I just finished a week of co-teaching a course for nine military chaplains. It was an “intensive”–which means all day, every day, for five days. I did something like this about two decades ago, at the Chaplain School at the Rhode Island Navy Base. My memories of that earlier time are very positive ones, and this past week, teaching in our Doctor of Ministry program, only reinforced my sense of the importance of the ministry of military chaplains.
In our course last week, we covered topics in theology and ethics with reference to military life. My co-teacher, Russ Spittler, himself a longtime Navy Reserve Chaplain, did an amazing job of relating 1 Corinthians to the realities of military life. And Anne Tree, my research assistant, got some great discussions going on case studies.
One thing that stood out for me is how comprehensive the chaplaincy is as a ministry. Military chaplains are dealing with marriage and family issues, youth culture, sexuality, cross-cultural communication, multinationalism, treatment of prisoners, questions of authority, legal challenges–and in all of that, the most fundamental realities of life and death.
One aspect of military life that is not often acknowledged is the importance of community. The 1989 film Glory–I highly recommend it–is about a platoon of African-American soldiers who fought in the Civil War. Near the end, they have agreed together to face a military maneuver that will mean certain death for all of them. Sitting around the campfire the night before their final battle, they talk about the importance of sticking together, even in the face of death, and one of them remarks that he sees no alternative for himself. “I ain’t never had family before,” he says.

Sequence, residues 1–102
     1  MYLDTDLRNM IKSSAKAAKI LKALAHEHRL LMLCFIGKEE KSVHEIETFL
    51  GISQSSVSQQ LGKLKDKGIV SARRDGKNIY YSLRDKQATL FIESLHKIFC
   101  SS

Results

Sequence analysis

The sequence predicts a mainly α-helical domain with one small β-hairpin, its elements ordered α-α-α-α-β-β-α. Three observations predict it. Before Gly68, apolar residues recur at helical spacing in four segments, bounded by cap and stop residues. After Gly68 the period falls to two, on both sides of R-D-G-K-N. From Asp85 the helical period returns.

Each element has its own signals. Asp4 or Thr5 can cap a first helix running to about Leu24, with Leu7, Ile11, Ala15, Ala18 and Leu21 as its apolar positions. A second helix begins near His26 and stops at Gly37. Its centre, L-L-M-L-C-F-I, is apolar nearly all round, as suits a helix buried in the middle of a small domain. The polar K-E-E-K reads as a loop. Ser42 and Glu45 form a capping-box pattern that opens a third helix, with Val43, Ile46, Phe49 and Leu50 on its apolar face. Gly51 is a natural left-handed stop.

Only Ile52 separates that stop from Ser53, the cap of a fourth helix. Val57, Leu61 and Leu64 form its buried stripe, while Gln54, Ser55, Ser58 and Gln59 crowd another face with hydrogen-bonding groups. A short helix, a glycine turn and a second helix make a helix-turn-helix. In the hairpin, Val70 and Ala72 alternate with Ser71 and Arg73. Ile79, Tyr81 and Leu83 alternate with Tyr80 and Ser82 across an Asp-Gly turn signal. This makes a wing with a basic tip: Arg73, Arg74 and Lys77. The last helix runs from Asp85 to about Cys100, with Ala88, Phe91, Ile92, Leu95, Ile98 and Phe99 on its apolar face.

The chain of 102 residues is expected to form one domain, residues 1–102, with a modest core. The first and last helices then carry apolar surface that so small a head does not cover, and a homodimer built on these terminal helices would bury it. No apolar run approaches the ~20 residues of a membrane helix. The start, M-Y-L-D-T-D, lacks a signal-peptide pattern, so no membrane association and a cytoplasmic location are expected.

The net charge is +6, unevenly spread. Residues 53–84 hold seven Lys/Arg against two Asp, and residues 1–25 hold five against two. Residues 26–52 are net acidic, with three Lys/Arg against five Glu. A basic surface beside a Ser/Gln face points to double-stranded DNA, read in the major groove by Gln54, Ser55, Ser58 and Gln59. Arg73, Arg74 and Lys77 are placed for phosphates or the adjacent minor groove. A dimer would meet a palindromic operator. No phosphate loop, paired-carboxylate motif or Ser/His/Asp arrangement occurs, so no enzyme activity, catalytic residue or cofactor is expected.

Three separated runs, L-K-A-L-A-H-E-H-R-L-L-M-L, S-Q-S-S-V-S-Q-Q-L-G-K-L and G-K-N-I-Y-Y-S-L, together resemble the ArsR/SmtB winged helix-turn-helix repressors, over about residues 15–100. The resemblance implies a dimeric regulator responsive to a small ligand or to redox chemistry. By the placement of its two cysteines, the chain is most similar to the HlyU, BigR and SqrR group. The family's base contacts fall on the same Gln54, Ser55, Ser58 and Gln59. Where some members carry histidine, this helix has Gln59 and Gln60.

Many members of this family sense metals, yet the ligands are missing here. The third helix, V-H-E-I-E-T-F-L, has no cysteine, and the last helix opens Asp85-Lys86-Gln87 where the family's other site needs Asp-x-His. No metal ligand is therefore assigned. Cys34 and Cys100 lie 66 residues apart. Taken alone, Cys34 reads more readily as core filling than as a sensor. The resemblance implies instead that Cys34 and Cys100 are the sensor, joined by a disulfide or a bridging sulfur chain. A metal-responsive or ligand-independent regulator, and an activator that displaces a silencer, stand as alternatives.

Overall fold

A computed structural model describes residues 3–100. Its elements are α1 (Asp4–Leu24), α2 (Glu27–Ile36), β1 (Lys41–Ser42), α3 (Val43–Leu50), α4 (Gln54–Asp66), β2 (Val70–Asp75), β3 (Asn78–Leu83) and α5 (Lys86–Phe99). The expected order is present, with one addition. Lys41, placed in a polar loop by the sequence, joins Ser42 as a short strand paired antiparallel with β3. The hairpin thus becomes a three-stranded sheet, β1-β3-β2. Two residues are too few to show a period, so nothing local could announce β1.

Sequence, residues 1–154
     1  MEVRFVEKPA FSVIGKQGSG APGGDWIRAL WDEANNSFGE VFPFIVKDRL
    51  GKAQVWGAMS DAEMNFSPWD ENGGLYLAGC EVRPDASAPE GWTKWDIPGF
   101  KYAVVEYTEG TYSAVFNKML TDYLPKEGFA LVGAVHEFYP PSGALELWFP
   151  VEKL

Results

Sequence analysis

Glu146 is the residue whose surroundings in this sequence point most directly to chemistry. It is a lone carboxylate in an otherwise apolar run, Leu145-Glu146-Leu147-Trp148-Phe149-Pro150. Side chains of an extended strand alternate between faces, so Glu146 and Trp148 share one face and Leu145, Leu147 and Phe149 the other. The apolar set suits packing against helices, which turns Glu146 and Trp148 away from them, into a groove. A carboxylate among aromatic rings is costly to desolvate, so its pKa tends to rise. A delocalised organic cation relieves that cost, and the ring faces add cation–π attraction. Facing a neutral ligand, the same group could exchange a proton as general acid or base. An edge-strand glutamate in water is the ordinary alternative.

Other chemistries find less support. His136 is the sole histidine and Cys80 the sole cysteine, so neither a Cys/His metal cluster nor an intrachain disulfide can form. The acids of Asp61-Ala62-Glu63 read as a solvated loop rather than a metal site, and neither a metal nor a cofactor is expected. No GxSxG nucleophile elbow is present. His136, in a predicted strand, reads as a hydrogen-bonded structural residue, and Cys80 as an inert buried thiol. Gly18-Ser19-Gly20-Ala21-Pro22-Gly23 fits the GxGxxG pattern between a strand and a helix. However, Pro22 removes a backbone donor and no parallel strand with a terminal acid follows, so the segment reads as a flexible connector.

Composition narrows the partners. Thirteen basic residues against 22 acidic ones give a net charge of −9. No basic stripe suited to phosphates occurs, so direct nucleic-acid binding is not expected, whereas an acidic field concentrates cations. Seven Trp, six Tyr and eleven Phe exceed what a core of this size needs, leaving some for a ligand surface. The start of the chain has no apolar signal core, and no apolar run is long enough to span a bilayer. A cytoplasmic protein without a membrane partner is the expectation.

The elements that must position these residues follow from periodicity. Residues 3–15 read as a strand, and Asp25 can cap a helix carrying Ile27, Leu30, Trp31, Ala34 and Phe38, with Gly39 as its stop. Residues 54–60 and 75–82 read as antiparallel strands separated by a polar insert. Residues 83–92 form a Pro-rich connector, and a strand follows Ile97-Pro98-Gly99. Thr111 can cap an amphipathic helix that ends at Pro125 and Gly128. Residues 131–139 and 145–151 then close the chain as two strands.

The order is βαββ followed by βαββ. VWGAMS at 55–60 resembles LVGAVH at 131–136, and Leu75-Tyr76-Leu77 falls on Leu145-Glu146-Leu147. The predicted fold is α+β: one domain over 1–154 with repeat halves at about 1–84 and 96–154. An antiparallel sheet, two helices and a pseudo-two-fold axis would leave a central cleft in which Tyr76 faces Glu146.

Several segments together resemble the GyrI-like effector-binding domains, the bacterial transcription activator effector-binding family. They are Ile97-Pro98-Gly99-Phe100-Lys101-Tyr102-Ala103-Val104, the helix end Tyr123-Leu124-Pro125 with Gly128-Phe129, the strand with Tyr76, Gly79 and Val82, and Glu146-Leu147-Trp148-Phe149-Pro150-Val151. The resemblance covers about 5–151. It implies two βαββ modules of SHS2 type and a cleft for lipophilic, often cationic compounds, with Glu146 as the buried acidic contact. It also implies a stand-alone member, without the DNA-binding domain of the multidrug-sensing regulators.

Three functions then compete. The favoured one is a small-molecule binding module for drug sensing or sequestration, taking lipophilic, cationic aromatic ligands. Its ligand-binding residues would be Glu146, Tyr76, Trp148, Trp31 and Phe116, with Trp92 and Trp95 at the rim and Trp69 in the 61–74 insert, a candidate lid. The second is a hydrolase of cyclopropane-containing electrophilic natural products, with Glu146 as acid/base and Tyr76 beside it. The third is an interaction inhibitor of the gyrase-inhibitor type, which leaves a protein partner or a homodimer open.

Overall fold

There is an old tradition in Asia of the “warrior monk.” I thought a lot about that last week. Like monks, people in the military have a strict discipline, one that is designed to nurture certain virtues: loyalty, solidarity, a spirit of sacrifice, courage, fidelity (semper fi!). For many young men and women entering the military, these patterns are brand new. For some of them, this will even be their first experience of something like “family.”
I have done my share of marching against wars and criticizing prominent aspects of American foreign policy. For all of that, though, I have great respect for the military. And I have an even greater appreciation for those who wear the chaplain’s cross on their uniforms. People who serve as chaplains are often viewed with suspicion by both their sending churches and their military peers. They often struggle alone with complex theological and ethical challenges. The ones that I spent time with last week are the best and the brightest of “warrior monks”!